The Cabinet Office has today published a report by the Institute for Public Policy Research (IPPR) into other civil service models. The IPPR’s report is the first piece of policy advice commissioned by ministers through the Contestable Policy Fund established in the Civil Service Reform Plan. Its publication comes a year after the government’s Civil Service Reform Plan was published in June 2012.
The IPPR have examined how civil services work abroad, with a particular focus on accountability arrangements. The report examined countries from the United States to France, and from Singapore to Sweden, with a particular focus on Westminster-based systems such as Australia, Canada and New Zealand. Their report includes a series of recommendations, which are not agreed government policy, but are presented for the government to consider. The government will provide its response to the report in due course.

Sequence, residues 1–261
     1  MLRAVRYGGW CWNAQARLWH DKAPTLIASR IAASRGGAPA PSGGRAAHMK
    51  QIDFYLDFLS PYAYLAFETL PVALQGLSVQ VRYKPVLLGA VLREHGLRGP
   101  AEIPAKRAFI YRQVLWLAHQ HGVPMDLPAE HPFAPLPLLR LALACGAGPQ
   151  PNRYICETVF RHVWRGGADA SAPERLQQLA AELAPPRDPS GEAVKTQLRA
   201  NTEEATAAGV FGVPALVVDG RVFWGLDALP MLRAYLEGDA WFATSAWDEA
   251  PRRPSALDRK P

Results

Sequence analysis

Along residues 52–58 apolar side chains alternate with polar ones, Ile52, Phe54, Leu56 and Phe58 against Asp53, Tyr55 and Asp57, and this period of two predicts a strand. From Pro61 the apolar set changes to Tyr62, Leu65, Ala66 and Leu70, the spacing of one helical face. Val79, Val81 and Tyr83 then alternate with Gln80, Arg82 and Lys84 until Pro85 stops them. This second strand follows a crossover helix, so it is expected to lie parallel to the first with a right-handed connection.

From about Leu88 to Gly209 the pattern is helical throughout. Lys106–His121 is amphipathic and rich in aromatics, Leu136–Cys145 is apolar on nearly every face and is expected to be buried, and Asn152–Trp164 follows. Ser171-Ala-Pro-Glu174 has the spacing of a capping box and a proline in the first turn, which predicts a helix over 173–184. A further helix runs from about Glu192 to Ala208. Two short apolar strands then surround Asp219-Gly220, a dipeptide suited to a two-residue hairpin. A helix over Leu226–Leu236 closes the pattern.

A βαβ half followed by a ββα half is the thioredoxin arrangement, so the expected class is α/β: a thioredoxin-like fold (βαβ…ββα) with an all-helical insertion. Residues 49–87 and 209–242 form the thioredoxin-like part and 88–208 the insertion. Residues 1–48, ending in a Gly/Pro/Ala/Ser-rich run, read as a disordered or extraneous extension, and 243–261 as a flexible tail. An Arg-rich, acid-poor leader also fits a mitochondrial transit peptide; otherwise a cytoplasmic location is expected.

The report fulfils an action in the Civil Service Reform Plan to examine how civil service accountability works in New Zealand.
Minister for the Cabinet Office Francis Maude said:
We are rightly proud of so much that our civil service does. But it would be arrogant to assume that there is nothing we can learn from how other countries do things. That is why we asked the respected think tank, the Institute for Public Policy Research, to examine how other civil services work.
I welcome this report which makes an important contribution to the debate. We will consider it carefully as we formulate the next steps of our reform programme for the civil service.
I am pleased the IPPR’s recommendations are evolutionary and go with the grain of our Westminster system.
The government will be updating Parliament in due course with the next steps for the Civil Service Reform programme.